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Practice, stimulus-specific effects and individual differences in task switching

Gul, Amara (2012)
Ph.D. thesis, University of Birmingham.

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Abstract

This thesis points to the important roles of learning, individual differences in emotional intelligence (EI) and general intelligence (IQ), and culture (British vs. South Asian), on task switching. Participants switched between word identities and colour and between different face dimensions (emotion, gender and occupation). In general switch costs were reduced as participants practiced. Most interestingly, Stroop interference across blocks of trials was stronger for stimuli that form integrated representations, providing evidence that learned bindings between word forms and colours influence Stroop effects. In a separate study, people with high IQ were generally better able to task-switch while EI had a selective effect depending on the task. Individuals with high EI had low switch costs when emotion classification was involved, but not when switches were made between gender and occupation decisions. In a third set of studies, culture was found to affect the speed of face categorization, which may reflect cultural biases to emotion (in the White British population) and unfamiliarity in using facial cues to gender in South Asian participants. Finally, there was also evidence of implicit coding of facial emotion and gender - but not occupation. The implications for understanding task switching were reviewed in a final chapter.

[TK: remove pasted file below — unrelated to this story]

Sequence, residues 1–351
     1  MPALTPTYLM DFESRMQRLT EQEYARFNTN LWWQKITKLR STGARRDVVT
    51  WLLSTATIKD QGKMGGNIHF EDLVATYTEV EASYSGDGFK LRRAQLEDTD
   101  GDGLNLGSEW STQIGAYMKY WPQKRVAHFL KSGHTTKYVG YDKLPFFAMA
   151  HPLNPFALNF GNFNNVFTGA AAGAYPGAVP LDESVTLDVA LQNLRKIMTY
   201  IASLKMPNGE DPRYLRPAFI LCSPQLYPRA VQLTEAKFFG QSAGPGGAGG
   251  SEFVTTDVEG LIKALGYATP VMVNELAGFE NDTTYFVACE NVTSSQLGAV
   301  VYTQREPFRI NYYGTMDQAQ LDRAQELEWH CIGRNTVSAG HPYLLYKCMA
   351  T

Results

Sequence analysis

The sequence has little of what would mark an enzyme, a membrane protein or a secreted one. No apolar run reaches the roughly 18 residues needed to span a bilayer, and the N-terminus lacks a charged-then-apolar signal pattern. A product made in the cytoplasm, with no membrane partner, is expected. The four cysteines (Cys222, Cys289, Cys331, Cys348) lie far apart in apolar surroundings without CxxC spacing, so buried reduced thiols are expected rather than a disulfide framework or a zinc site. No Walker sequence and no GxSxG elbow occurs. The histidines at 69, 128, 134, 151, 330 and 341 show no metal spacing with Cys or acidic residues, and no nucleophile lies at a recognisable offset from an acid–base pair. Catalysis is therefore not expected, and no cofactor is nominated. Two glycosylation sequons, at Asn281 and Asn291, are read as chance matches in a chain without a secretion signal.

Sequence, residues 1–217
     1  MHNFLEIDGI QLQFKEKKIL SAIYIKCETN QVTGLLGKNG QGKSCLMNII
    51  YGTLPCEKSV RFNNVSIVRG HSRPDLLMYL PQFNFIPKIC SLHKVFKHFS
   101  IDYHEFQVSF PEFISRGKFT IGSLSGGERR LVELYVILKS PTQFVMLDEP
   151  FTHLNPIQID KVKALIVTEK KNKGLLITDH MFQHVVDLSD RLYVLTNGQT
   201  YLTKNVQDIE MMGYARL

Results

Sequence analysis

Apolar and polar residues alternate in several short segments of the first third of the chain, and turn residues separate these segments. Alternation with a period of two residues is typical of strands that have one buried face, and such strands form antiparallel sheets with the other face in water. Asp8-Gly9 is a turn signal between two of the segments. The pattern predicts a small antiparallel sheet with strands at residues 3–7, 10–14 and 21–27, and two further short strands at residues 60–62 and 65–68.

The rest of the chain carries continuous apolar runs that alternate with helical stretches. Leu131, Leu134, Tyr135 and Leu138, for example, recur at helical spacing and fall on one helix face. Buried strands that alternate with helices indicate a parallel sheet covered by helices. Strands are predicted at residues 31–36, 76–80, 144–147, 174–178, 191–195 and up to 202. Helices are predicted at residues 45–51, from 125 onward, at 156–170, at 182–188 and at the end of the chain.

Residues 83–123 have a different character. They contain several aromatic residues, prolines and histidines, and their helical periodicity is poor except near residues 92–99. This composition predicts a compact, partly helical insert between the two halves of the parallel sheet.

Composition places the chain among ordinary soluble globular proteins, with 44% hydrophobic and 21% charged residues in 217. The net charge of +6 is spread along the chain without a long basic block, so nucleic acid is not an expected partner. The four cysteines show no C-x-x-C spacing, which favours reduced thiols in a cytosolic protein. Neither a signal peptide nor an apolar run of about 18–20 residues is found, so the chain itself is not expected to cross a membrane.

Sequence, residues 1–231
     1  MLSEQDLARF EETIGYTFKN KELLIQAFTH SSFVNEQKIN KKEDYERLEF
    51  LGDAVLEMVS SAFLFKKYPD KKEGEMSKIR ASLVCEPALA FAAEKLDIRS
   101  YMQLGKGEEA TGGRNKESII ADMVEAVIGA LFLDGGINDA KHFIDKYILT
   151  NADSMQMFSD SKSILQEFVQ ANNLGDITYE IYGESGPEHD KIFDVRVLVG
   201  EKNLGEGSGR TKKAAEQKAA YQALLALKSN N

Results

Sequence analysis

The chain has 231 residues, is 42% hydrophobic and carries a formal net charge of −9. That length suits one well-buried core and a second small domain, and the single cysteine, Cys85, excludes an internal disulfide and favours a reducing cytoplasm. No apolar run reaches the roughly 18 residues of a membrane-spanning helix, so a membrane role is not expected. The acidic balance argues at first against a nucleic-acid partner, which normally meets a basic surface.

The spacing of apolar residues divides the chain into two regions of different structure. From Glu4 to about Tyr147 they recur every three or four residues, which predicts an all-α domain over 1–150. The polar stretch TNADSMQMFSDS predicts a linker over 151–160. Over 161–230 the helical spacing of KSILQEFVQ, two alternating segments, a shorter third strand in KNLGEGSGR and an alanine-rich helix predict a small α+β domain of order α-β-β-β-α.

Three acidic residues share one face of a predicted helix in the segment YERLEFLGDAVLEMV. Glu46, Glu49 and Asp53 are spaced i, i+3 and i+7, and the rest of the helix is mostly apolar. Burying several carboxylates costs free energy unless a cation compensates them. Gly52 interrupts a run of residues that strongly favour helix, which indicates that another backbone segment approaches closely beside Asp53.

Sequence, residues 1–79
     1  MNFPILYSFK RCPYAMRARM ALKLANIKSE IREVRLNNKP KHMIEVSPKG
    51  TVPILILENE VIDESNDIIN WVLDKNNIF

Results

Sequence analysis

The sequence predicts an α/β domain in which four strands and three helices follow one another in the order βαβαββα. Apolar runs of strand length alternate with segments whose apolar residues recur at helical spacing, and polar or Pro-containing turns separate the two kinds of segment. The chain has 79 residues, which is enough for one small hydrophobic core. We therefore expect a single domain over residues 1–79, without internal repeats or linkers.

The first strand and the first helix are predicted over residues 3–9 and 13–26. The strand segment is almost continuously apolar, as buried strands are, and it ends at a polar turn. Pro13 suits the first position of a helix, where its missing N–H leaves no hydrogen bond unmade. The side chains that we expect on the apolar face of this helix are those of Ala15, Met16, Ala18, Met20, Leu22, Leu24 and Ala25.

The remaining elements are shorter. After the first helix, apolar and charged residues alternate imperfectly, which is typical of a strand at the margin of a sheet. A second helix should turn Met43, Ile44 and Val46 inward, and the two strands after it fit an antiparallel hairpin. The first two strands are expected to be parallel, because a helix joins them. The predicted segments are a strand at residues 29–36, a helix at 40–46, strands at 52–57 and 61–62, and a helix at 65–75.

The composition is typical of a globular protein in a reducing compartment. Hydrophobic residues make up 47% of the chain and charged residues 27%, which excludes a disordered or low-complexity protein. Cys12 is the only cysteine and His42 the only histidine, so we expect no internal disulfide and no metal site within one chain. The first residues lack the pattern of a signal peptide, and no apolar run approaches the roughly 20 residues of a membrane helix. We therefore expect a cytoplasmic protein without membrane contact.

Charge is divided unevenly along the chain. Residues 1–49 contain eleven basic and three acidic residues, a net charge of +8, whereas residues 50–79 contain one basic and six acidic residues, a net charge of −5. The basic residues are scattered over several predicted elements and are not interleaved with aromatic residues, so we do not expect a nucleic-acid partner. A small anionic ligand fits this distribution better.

Type of Work:Ph.D. thesis.
Supervisor(s):Humphreys, Glyn W.
School/Faculty:Colleges (2008 onwards) > College of Life & Environmental Sciences
Department:School of Psychology
Subjects:BF Psychology
Institution:University of Birmingham
ID Code:3658
This unpublished thesis/dissertation is copyright of the author and/or third parties. The intellectual property rights of the author or third parties in respect of this work are as defined by The Copyright Designs and Patents Act 1988 or as modified by any successor legislation. Any use made of information contained in this thesis/dissertation must be in accordance with that legislation and must be properly acknowledged. Further distribution or reproduction in any format is prohibited without the permission of the copyright holder.
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